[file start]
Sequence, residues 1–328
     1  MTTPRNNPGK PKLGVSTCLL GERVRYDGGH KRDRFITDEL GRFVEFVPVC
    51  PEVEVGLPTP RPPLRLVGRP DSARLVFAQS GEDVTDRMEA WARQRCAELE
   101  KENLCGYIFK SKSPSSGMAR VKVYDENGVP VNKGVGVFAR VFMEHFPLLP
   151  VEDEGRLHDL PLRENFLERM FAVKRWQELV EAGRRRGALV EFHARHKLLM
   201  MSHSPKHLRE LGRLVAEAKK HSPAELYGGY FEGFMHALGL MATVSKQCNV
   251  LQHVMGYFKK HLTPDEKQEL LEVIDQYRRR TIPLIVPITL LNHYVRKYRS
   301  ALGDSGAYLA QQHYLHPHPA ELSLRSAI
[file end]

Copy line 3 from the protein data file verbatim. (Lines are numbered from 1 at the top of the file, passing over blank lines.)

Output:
    51  PEVEVGLPTP RPPLRLVGRP DSARLVFAQS GEDVTDRMEA WARQRCAELE